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Sawtoothed Grain Beetle

Sawtoothed Grain Beetle

Sawtoothed Grain Beetle

Oryzaephilus surinamensis

Color: The adult is a small, active, brown beetle, 2-3mm long, with a flattened body and six saw-toothed projections on each side of the thorax. The larva is yellowish-white, about 2-3mm long, with a brown head.

Size: 1/10 to 1/8 inch (2-3 mm).

The Sawtoothed grain beetle is common in stored-food products such as cereal, cornmeal, cornstarch, popcorn, rice, dried fruits, raisins, flour, pet foods, bran, macaroni, sugar, and bread. They are capable of chewing into unopened paper or cardboard boxes, through cellophane, plastic, and foil wrapped packages. Once inside, populations build up rapidly often spreading to other stored foods and into food debris accumulated in the cupboard corners.

The Sawtoothed grain beetle is a scavenger and cannot fly. Adults and larvae are external feeders, feeding on finely divided food particles and not whole grains. Large populations of this beetle can develop quickly, forcing adult beetles to seek new food sources. They have been known to invade every package or food stored near an infested food product.

Sawtoothed grain beetle adults usually live about 6 to 10 months, with some living as long as 3 years. Females usually emerge in April and lay an average of 300 eggs. Egg laying begins about 5 days after emergence and continues up to 3 to 4 weeks. Eggs hatch in about 8 days, larvae mature in 37 days, and pupa about 67 days. They prefer cereal-based products.

Adults and larvae are external feeders, feeding on finely divided food particles and not whole grains. The Sawtoothed grain beetle is common in stored-food products such as cereal, cornmeal, cornstarch, popcorn, rice, dried fruits, raisins, flour, pet foods, bran, macaroni, sugar, and bread.

It readily penetrates packaged cereals, dried fruits, and candies. It also attacks flour, meal, sugar, drugs, dried meat, and tobacco.

  • The simplest and most effective control measure is to locate the source of infestation and quickly get rid of it. Use a flashlight or other light source to examine all food storage areas and food products carefully.
  • Dispose of heavily infested foods in wrapped, heavy plastic bags or in sealed containers for garbage disposal service, or bury deep in the soil if permitted, practical, and regulations allow. If you detect infestations early, disposal alone may solve the problem.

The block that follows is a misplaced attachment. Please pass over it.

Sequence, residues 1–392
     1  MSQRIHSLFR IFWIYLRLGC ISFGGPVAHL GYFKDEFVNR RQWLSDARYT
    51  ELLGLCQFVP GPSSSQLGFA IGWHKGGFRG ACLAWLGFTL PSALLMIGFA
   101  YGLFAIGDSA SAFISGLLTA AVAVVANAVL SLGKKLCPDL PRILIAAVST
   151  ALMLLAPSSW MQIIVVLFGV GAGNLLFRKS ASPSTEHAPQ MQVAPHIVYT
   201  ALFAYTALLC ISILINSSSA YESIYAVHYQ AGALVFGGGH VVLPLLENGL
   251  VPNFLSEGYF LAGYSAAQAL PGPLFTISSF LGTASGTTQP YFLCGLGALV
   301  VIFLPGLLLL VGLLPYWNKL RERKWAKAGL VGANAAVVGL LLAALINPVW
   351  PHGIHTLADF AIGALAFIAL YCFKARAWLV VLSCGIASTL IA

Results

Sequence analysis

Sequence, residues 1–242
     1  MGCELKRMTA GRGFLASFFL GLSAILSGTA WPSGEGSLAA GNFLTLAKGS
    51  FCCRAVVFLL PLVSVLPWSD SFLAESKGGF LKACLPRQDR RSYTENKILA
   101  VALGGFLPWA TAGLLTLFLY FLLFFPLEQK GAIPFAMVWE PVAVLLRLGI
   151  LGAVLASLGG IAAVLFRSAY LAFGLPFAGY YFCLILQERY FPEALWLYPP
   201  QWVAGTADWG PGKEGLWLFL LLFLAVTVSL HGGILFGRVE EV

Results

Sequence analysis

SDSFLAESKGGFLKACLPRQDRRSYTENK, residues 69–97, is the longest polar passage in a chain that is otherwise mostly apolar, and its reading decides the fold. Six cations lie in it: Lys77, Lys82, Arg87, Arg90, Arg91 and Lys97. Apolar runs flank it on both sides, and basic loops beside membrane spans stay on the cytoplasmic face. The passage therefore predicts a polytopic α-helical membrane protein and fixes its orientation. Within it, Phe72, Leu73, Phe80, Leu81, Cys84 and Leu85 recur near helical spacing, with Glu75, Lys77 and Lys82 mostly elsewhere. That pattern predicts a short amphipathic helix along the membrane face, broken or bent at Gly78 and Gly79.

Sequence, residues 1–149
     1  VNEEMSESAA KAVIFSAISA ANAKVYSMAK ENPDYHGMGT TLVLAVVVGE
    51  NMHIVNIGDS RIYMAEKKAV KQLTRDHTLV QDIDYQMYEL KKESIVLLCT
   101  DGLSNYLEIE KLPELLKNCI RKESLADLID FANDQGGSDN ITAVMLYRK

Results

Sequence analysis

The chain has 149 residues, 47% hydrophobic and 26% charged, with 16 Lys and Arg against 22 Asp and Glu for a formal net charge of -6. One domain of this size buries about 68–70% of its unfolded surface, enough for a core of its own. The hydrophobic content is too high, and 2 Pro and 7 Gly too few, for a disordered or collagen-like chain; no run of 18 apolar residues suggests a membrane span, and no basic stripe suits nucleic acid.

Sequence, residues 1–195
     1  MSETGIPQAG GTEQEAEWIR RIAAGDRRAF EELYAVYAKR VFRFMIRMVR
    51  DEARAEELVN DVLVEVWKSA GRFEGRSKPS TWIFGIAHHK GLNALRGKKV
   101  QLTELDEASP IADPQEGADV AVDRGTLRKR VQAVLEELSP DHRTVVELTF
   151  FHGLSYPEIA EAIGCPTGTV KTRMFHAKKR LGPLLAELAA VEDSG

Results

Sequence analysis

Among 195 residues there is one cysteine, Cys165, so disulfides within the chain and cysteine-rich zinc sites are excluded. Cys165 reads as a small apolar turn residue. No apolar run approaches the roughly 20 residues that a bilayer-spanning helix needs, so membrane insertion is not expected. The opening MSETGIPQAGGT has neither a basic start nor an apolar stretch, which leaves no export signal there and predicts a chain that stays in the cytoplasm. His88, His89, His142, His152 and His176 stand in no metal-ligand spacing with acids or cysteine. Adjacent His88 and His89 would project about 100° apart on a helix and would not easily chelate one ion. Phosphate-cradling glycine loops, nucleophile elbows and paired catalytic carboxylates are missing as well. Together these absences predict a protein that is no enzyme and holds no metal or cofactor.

• At the time of purchase, carefully examine foods, such as flour, pancake flour, cornmeal, cereals, raisins, dry dog and cat food, spices, candy, dates, dried meats and fruits, rice, and macaroni. Check the packaging date to establish freshness. Examine broken and damaged packages and boxes to avoid bringing these stored-product pests accidentally into the home.
  • Purchase seldom-used foods in small quantities to prevent long storage periods of one month or more, especially during the warm summer months.
  • Store susceptible foods in insect-proof containers of glass, heavy plastic, or metal, ideally with screw-type lids, or store in a refrigerator or freezer. Use older packages before newer ones, avoid spillage in cabinets, and always keep food storage spaces clean.
  • Properly ventilate the storage area to discourage these moisture-loving stored-product pests. Lightly infested or suspect foods with questionable infestations can be heated in a shallow pan in the oven at 120 degrees F for 1 hour or at 130 degrees F for 30 minutes, placed in a deep freeze at 0 degrees F for 4 days, or heated in a microwave oven for 5 minutes.

MANUFACTURER RECOMMENDED PRODUCTS AND TREATMENT FOR Sawtoothed Grain Beetle CONTROL

Pests need food, water, and shelter. Often the problem may be solved just by removing these key items. Before even thinking about chemical pest control, it is important to be aware of Pest’s Conducive conditions & It’s Recommendations.

Pesticides can be purchased in many different forms, each form has specific uses and application methods The pesticide application method you choose depends on the nature and habits of the target pest, the properties of the pesticide, the suitability of the application equipment, and the cost and efficiency of alternative methods. Your choice is often predetermined by one or more of these factors. Follow label directions for volume recommendations and application rates based on the pest to be controlled and utilize appropriate application tips on equipment. , these application methods are for informational purposes only. To know specific applications method/s for the product you buy, please refer actual packages for complete Label Verbiage.

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